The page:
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At our National Cancer Information Center trained Cancer Information Specialists can answer questions 24 hours a day, every day of the year to empower you with accurate, up-to-date information to help you make educated health decisions. We connect patients, caregivers, and family members with valuable services and resources.
Or ask us how you can get involved and support the fight against cancer. Some of the topics we can assist with include:
For medical questions, we encourage you to review our information with your doctor.
Cancer can start any place in the body. Myelodysplastic syndromes , or MDS for short, are cancers that start in the bone marrow, the soft inner part of some bones where new blood cells are made. In MDS, some cells in the bone marrow don’t grow like they should, so there aren’t enough of some types of blood cells. This makes it hard for the body to work the way it should.
Some people with MDS go on to get leukemia, a cancer of the bone marrow in which blood cells start to grow out of control.
To understand MDS, it helps to know about all the types of blood cells.
In MDS, some bone marrow cells have problems making new blood cells. This can leave you with too few normal blood cells. There are several types of MDS, which are based on how the blood and bone marrow cells have been changed. Some types of MDS are more likely to turn into leukemia later on. Ask your doctor to tell you the exact kind of MDS you have.
MDS is sometimes found by blood tests done for some other reason. Even when there are symptoms, they may be very general, such as feeling tired or weak, losing weight without trying to, having a fever, getting black and blue marks or bleeding easily, having pale skin, or getting sick a lot.
The doctor will ask you questions about your health and do a physical and exam. If signs are pointing to MDS, more tests will be done. Here are some of the tests you may need:
Blood cell counts: This blood test is often the first test done. Most people with MDS have too few RBCs. They might also have too few WBCs or platelets.
Other blood tests: Other blood tests might be done to look for other causes of low blood counts, such as low levels of vitamin B12 and folate.
Bone marrow aspiration and biopsy (ASP-er-AY-shun and BY-op-see): For these tests, a doctor uses thin, hollow needles to remove a little bit of bone marrow, most of the time from the hip bone. The area around the bone is numbed, and you may be given a drug to make you sleep during the test. The samples are sent to a lab to see how many early (immature) cells (called blasts) are in the bone marrow. Other lab tests might be done on the bone marrow cells as well, such as looking for certain gene changes. These tests can help tell which type of MDS you have.
MDS is a disease of the bone marrow. Unlike most other cancers, it is not staged by looking at the how much cancer is in the body. In MDS other factors like your age, blood counts, how the bone marrow looks, and changes in the bone marrow cells are used to give the MDS a score, which can help tell how likely it is to grow or be helped by treatment. Ask your doctor how your MDS will be scored and what that means for you.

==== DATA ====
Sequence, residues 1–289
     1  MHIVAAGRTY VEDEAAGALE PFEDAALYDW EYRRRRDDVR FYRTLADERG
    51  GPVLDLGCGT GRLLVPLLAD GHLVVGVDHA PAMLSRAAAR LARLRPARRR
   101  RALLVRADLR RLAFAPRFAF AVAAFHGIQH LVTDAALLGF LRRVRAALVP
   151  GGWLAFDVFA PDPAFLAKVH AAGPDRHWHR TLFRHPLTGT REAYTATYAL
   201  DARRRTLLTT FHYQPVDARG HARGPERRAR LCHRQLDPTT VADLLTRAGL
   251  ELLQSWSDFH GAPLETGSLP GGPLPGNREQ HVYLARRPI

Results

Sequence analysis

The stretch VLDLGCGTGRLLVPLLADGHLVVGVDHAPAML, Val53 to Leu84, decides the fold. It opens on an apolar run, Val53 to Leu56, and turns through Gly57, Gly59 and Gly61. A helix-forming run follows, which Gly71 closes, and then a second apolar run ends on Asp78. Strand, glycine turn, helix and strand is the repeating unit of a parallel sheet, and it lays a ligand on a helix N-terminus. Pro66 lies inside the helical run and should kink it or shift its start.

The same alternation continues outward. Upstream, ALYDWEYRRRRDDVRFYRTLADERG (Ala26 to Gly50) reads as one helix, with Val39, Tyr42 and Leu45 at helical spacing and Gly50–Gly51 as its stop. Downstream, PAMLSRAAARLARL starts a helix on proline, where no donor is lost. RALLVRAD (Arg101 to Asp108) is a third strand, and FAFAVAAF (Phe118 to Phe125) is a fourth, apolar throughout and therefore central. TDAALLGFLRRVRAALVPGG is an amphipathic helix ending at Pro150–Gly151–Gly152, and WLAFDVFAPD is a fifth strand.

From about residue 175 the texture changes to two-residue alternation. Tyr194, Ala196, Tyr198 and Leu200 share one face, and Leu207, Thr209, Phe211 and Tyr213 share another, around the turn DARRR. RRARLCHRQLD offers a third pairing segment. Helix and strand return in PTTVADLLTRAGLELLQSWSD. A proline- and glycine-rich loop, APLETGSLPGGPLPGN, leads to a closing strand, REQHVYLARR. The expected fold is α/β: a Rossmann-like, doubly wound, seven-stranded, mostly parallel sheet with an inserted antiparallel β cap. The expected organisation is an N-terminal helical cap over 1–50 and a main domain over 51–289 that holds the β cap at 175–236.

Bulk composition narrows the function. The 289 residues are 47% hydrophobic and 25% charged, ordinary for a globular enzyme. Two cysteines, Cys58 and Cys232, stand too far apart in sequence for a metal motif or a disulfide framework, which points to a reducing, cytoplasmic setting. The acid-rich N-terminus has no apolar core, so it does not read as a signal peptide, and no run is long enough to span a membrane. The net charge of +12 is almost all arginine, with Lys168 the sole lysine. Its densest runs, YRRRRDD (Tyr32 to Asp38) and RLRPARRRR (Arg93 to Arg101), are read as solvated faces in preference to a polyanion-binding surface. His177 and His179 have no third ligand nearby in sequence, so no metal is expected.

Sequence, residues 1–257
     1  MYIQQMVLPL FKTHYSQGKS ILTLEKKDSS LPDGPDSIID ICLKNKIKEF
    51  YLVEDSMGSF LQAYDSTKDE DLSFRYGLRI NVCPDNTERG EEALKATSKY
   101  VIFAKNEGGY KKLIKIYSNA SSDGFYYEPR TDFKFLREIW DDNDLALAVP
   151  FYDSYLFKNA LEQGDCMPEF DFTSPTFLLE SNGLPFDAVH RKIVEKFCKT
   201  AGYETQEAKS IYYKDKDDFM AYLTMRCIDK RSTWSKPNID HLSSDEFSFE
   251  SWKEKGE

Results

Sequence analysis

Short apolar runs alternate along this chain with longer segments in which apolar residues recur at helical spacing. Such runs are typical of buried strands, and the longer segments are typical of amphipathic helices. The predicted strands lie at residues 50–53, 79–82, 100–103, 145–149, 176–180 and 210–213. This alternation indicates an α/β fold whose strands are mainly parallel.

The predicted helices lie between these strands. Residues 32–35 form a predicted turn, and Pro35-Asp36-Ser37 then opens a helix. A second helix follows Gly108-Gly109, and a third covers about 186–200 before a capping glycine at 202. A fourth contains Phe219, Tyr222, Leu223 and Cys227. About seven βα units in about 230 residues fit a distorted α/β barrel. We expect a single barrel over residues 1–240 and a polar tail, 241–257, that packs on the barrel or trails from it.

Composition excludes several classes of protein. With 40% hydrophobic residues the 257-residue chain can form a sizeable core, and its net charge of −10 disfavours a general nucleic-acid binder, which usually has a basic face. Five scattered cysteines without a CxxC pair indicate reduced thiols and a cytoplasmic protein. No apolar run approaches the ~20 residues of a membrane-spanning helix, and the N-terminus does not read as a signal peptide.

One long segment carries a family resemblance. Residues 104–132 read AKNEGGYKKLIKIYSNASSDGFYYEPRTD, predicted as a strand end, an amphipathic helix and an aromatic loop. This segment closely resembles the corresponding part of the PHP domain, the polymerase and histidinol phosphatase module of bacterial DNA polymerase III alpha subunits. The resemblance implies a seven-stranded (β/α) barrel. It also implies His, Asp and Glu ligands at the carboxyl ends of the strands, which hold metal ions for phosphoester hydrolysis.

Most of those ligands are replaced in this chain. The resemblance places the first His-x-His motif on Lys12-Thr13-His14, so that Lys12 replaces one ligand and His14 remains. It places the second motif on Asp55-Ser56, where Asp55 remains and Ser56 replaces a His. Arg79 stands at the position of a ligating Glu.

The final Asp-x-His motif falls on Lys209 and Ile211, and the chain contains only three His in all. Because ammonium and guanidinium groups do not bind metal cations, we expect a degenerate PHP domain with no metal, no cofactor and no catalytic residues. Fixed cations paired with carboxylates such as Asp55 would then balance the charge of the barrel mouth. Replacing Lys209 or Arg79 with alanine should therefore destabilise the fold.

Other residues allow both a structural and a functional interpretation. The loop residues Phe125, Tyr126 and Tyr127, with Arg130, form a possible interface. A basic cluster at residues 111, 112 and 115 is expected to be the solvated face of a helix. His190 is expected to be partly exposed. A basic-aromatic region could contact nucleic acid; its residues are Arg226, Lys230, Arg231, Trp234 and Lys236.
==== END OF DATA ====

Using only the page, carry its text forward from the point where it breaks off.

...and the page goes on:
MDS is a group of diseases. The treatment plan that is best for you will depend on the type of MDS you have, your age and general health, and other factors. Some people with MDS might not need to be treated right away, but can just be watched closely instead. If you do need treatment, the main treatments are:
Chemo is the short word for chemotherapy – the use of drugs to fight cancer. Chemo can be taken as a pill or put into a vein. The drugs go into the blood and reach most places in the body. Chemo is given in cycles or rounds. Each round of treatment is followed by a break. For MDS, there are a few types of chemo drugs and ways to take them. Ask your doctor which chemo drugs you will get, how you will take them, and how often you will take them.
Chemo can have many side effects, like:
But these problems tend to go away after treatment ends. There are ways to treat most chemo side effects. Talk to your cancer care team so they can help.
These treatments either boost or hold back your immune system. A few types of immune treatments can be used to treat MDS. These drugs may be given into a vein, as a shot, or taken as pills. Ask your doctor which drugs you will get and what to expect.
These drugs can cause many side effects. Some of the drugs can make you feel weak or tired or can cause diarrhea, low blood counts, and blood clots. Most of these problems go away after treatment ends.
There are ways to treat many of the side effects caused by these drugs. If you have side effects, talk to your cancer care team so they can help
Having too few blood cells causes most of the symptoms in MDS. Growth factors speed up the process of making blood cells in the bone marrow. The body makes growth factors, but they can also be made in a lab. Growth factors can be given (most of the time as injections under the skin) to help make more blood cells. Different growth factors can be used, depending on the case. Ask your doctor which kind of growth factor you may get and what to expect.